The following post appeared originally on Mindbodygreen.com on March 4, 2014.
(Last week, two studies were published simultaneously: one, a meta-analysis of the association between outbursts of anger and acute coronary syndrome (that includes heart attacks) and the other a scientific statement from the American Heart Association to include depression as a risk factor for heart disease. These two recent studies provide further evidence regarding the need to address and ameliorate emotional issues.)
As a cardiologist, my main job is to see people with heart disease and to counsel them on treatment and prevention. What many people don’t realize, however, is that there’s an intimate connection between emotional health and heart disease. Most patients of cardiovascular illness have deep-seated psychosocial issues that have never been addressed.
Despite these data however, while almost every cardiologist understands the importance of lifestyle changes (exercising, quitting smoking, and following a heart-healthy diet), very few of us address an essential component for heart health, which entails healing the emotional heart.
The physical heart lies in the vicinity of the heart chakra (also called the anahata, which means “unstuck sound”), an important area worked on in yoga and most spiritual traditions. Chakras are energy centers that are said to resemble wheels; there are innumerable chakras throughout the body, of which seven are best known.
Each of these chakras corresponds loosely to a nerve network that supplies vital organs. The heart chakra, corresponding to the cardiac network, is considered to be the seat of emotions. The accumulation of guilt, shame, resentment, hatred, anger, hostility, anxiety and similar qualities results in “closing off” of the anahata, a constriction of energy flow and resulting in heartache—both emotionally as well as in the form of heart disease.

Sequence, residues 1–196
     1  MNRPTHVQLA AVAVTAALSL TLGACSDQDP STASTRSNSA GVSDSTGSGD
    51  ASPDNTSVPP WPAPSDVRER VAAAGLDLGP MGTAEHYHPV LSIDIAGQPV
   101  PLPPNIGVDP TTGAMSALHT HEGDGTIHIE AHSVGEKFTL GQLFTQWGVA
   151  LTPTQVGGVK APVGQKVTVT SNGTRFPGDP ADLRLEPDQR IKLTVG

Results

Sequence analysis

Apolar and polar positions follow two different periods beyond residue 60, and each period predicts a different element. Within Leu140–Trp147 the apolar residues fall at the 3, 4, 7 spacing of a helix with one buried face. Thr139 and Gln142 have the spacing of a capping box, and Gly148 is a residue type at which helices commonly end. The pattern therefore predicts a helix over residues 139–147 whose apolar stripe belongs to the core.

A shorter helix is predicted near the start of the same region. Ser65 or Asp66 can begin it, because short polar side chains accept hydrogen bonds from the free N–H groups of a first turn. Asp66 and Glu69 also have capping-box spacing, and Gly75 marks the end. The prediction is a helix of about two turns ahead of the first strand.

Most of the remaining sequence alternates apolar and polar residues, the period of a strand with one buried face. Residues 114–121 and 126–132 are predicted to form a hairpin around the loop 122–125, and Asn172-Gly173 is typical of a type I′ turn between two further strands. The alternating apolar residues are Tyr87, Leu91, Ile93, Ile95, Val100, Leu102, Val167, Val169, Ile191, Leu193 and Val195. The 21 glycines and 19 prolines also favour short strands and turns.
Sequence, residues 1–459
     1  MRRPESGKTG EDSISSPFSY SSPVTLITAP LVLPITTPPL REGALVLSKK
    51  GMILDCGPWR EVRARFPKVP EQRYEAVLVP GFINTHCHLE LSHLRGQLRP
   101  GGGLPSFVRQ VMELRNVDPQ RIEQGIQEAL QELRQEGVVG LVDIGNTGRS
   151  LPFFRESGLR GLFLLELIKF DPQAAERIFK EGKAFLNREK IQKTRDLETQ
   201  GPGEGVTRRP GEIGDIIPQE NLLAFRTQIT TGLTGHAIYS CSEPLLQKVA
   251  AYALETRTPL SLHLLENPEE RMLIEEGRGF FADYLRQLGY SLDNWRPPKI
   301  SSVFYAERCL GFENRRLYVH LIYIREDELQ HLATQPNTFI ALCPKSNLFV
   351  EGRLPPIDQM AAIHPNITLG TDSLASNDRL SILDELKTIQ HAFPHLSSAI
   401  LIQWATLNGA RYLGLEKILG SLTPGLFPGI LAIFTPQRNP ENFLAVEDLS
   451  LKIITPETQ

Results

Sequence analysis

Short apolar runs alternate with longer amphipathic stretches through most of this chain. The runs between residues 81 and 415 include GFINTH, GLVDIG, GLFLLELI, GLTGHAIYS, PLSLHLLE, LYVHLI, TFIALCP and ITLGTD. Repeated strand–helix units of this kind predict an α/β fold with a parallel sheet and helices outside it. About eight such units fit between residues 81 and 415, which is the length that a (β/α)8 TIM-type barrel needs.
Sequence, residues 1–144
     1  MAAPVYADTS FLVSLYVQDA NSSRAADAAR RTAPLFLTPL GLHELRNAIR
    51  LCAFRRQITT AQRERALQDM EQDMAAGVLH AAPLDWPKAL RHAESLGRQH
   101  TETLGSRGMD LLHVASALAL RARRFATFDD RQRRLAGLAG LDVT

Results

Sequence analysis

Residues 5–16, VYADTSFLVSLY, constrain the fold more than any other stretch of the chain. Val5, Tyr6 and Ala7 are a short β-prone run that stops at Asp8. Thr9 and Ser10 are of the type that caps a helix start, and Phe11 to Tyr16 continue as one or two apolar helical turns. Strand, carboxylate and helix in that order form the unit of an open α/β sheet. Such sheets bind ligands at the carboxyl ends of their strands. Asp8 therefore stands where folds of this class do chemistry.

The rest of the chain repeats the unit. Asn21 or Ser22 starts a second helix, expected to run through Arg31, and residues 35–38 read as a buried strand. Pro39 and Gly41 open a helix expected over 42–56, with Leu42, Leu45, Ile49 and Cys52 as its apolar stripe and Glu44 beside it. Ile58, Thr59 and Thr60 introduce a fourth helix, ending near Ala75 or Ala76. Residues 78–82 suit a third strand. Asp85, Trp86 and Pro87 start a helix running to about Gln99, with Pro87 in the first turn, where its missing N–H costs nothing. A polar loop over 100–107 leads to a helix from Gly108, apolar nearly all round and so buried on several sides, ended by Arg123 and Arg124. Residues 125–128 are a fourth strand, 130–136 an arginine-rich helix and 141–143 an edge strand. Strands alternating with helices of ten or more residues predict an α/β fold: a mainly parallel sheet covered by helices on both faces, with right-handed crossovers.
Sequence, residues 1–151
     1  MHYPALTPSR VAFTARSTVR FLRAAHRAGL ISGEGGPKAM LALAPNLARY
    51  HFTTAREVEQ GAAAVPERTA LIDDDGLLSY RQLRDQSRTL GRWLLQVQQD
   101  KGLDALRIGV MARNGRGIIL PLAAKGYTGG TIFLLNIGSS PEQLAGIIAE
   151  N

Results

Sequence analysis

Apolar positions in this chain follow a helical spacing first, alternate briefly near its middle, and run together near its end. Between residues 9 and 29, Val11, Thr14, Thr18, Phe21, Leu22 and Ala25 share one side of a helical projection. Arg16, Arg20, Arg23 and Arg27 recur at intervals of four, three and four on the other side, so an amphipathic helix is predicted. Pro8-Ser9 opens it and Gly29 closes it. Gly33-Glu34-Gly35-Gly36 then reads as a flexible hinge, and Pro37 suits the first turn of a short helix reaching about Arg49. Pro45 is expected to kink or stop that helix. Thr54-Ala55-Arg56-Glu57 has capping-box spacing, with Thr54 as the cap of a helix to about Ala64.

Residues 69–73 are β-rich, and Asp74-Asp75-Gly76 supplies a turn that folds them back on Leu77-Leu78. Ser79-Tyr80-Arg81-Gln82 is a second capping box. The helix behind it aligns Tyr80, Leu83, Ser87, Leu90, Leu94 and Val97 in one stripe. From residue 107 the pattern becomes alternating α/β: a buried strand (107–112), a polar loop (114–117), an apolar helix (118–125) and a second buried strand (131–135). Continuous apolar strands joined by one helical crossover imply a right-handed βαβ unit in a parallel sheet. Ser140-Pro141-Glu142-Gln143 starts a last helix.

An extreme example of this intimate heart-anahata connection is the “broken heart syndrome,” caused by sudden, extreme stress in the form of shock, grief or sadness that results in a sick heart. These patients present with symptoms and signs of a typical heart attack, but have no “physical” cause (say, blocked coronary arteries) to explain them.
Not only do these negative qualities distort our perception of life events, but they also make us incapable of living fully in the moment. Although most of us would agree that hanging on to nonserving emotional patterns is undesirable, we have never learned how to effectively let go of them, which must occur at the heart level and not the mind. It’s not enough to reason away these patterns, since they reside at deeper energetic levels.
As with all other lifestyle changes, this process takes willingness, commitment, consistent effort, and practice, and broadly involves the following:
1. Cultivate silence.
In order to notice our behavioral and emotional patterns, it is essential to “step out” of the mind. Inner silence provides this much-needed space and distance, and is cultivated via a regular meditation practice.
2. Get curious.
Inquiry into the nature of our psyche throws much-needed light upon our deeply embedded issues. We can begin the process of inquiry by asking, Where in my body is this feeling? In the response, we can begin to notice that there are three parts:
- The actual feeling
- The mind story about it (for example, “How could she do this?” or “Wish I had never met him!”)
- The label of the feeling as anger, sadness, grief, etc.
Once this ability to notice is developed through practice, we can then ignore the stories and labels and focus entirely on the felt-sense.
3. Let go.
This all-important step is developed simultaneously with inquiry. Without cultivating effective ways to let go, inquiry can remain incomplete, resulting in further confusion and pain. With further cultivation of inner silence, we can ease into the next phase of inquiry by asking, Where in time is this event that causes this?
In the response, we will be transported back to the time of the original event. The next step is crucial, and involves asking, Where is it now?
In the response, it becomes clear that the past does not exist any “where.”
We then ask, How does it exist now? In this response, we see that it exists merely as a thought/memory.
When this is clearly seen through, the issue, along with the physical feeling, the story and the label dissolves. Once we’re no longer caught up in the mind as the thought, the thought loses its enslaving power over us.
As non-serving emotional patterns drop away, the anahata finally begins to “open.” Rushing to replace the dissolving negativity are qualities of love, peace, harmony and equanimity. The past is forgiven and we become joyfully rooted in the present, with no anxiety about the future. Healing of the heart finally begins in earnest—from the inside out.
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